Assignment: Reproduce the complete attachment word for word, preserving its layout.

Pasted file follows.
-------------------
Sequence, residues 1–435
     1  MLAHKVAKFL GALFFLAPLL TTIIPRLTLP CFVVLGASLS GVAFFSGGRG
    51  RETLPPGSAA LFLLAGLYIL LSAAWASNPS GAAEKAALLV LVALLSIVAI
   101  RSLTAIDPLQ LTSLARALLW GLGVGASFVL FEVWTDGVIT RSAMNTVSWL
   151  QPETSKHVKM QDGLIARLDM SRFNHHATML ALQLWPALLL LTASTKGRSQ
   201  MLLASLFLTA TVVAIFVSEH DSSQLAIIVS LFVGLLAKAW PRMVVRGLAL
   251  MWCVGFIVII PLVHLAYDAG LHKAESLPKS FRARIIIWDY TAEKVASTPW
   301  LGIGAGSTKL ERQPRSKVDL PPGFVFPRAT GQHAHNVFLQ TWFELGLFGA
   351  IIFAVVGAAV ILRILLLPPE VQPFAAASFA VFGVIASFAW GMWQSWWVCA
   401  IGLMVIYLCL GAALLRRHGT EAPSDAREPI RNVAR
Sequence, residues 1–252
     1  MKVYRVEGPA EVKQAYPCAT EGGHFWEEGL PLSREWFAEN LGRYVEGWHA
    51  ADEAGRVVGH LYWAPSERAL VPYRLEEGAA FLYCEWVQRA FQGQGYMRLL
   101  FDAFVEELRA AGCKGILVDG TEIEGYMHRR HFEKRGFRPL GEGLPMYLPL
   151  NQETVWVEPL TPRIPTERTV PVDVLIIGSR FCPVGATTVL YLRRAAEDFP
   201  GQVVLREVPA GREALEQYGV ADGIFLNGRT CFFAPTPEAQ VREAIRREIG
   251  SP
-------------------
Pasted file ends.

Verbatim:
Sequence, residues 1–435
     1  MLAHKVAKFL GALFFLAPLL TTIIPRLTLP CFVVLGASLS GVAFFSGGRG
    51  RETLPPGSAA LFLLAGLYIL LSAAWASNPS GAAEKAALLV LVALLSIVAI
   101  RSLTAIDPLQ LTSLARALLW GLGVGASFVL FEVWTDGVIT RSAMNTVSWL
   151  QPETSKHVKM QDGLIARLDM SRFNHHATML ALQLWPALLL LTASTKGRSQ
   201  MLLASLFLTA TVVAIFVSEH DSSQLAIIVS LFVGLLAKAW PRMVVRGLAL
   251  MWCVGFIVII PLVHLAYDAG LHKAESLPKS FRARIIIWDY TAEKVASTPW
   301  LGIGAGSTKL ERQPRSKVDL PPGFVFPRAT GQHAHNVFLQ TWFELGLFGA
   351  IIFAVVGAAV ILRILLLPPE VQPFAAASFA VFGVIASFAW GMWQSWWVCA
   401  IGLMVIYLCL GAALLRRHGT EAPSDAREPI RNVAR
Sequence, residues 1–252
     1  MKVYRVEGPA EVKQAYPCAT EGGHFWEEGL PLSREWFAEN LGRYVEGWHA
    51  ADEAGRVVGH LYWAPSERAL VPYRLEEGAA FLYCEWVQRA FQGQGYMRLL
   101  FDAFVEELRA AGCKGILVDG TEIEGYMHRR HFEKRGFRPL GEGLPMYLPL
   151  NQETVWVEPL TPRIPTERTV PVDVLIIGSR FCPVGATTVL YLRRAAEDFP
   201  GQVVLREVPA GREALEQYGV ADGIFLNGRT CFFAPTPEAQ VREAIRREIG
   251  SP